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Legal Incident Reporting Requirements

http://www.health.state.mn.us/patientsafety/ae/index.html
http://www.rules.utah.gov/publicat/code/r380/r380-200.htm

Part I:
Review the Utah and Minnesota Incident reporting mandates, at the website links above. I need help in addressing the following points:
1. Who must report incidents at the institution?
2. Discussing whether there is a difference in the types of incidents that must be reported and explaining those differences or similarities.
3. Who investigates the incidents at the hospital level?
4. Explaining any steps taken to protect incident reports and control who may obtain the information.
5. Explain if and how a root cause analysis is utilized.

Part II:
Discussing whether a voluntary or mandatory incident reporting effort is best. List the pros and cons of each kind of system.

Solution Preview

Part I:
1. Who must report incidents at the institution?
In Minnesota those required to report adverse/sentinel events occurring within the institutions include boards that regulate physicians, physician assistants, nurses, pharmacists, and podiatrists. Any events that come to the attention of mandatory reports must be reported to the Minnesota Department of Health (Minnesota Department of Health, 2000). In Utah, the facility must designate a facility lead for reporting purposes, to the Utah Department of Administrative Services (2013). The designated lead does not need to be the same individual for each sentinel event.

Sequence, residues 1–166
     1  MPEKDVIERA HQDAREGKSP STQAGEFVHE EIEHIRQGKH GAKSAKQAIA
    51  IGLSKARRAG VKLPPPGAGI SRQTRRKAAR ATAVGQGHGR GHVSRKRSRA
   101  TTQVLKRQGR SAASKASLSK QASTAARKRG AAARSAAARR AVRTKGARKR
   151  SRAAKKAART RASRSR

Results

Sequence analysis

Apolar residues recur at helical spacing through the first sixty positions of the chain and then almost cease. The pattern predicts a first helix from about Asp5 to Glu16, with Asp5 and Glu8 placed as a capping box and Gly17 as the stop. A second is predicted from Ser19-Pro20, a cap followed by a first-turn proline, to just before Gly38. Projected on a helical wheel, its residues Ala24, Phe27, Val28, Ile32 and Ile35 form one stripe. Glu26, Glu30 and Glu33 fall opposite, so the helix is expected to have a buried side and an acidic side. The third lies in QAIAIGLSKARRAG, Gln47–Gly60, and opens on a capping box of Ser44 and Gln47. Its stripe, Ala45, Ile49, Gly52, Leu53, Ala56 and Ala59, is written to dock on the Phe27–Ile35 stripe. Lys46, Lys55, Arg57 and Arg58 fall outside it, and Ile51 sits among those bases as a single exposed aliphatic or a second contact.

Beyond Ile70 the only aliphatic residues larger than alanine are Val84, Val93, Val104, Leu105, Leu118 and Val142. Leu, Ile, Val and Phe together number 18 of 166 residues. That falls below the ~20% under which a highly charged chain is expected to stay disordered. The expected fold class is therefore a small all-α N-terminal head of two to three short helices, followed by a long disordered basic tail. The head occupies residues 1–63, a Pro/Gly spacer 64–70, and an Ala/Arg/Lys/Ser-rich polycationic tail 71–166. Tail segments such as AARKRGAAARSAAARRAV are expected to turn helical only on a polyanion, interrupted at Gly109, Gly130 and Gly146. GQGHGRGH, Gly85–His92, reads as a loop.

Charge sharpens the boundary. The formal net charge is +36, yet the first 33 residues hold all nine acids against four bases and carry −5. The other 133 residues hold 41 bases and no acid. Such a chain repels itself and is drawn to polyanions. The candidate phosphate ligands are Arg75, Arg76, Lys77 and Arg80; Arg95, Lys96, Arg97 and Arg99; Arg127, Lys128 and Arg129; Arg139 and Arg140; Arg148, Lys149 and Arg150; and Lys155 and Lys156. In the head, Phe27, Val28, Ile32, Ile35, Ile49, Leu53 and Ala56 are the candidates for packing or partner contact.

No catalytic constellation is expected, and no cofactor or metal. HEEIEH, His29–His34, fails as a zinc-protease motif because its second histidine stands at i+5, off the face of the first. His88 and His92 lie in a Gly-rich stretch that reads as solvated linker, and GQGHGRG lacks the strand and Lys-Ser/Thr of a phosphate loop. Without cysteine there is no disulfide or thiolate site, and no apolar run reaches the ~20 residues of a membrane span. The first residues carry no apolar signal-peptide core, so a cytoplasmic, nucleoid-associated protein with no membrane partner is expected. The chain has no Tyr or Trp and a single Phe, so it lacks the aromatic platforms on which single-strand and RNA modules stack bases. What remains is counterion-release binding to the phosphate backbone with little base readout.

2. Discussing whether there is a difference in the types of incidents that must be reported and explaining those differences or similarities.
The majority of sentinel events listed are identical in Utah and Minnesota. In Utah, the types of incidents that must be reported are clearly defined. The list is extensive and includes medication errors of all types, all forms of surgical errors, death or injury caused by malfunction of products or equipment, suicides, death of a pregnant woman or woman who has recently given birth, unexpected death of an infant, death or injury due to therapy or radiation treatment, and all criminal acts. A facility must also report a suspected sentinel event of a patient transferred from another facility, where the event is suspected to have occurred at the other facility (UDAS, 2013).

The 28 reportable events in Minnesota are nearly identical to those in Utah, as they are based on JCAHO guidelines. However, patients suffering injury or death due to falls, not necessarily associated with improper use of or lack of use of restraints, is also required in ...

Solution Summary

The legal incident reporting requirements are examined. The differences in the types of incidents which must be reported and explained are investigated.

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